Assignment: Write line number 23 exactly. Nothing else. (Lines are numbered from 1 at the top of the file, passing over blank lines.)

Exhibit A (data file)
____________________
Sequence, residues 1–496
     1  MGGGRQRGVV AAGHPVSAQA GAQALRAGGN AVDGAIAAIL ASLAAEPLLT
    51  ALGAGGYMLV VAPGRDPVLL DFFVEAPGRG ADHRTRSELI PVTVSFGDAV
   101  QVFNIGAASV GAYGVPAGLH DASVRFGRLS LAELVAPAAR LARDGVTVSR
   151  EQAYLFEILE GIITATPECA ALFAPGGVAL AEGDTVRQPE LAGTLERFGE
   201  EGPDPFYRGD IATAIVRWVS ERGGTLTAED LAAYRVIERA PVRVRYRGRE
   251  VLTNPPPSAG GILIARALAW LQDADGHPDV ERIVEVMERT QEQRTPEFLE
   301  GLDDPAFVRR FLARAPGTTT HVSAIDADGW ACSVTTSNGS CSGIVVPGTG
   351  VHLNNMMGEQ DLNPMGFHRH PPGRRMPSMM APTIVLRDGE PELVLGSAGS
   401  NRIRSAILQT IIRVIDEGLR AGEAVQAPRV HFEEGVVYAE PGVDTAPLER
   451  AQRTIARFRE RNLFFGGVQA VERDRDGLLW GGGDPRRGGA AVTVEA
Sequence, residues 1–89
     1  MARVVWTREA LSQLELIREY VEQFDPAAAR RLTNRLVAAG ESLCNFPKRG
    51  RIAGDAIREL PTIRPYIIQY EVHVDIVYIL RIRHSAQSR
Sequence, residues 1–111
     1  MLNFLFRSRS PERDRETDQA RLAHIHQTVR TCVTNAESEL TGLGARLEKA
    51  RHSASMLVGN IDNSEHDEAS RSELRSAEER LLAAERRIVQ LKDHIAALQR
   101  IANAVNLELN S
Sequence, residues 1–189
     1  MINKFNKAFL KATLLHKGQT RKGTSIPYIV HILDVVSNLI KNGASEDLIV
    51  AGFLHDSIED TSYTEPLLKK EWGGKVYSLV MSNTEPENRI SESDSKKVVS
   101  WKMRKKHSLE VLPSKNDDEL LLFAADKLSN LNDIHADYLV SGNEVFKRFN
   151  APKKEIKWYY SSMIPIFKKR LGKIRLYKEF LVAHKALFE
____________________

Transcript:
   151  APKKEIKWYY SSMIPIFKKR LGKIRLYKEF LVAHKALFE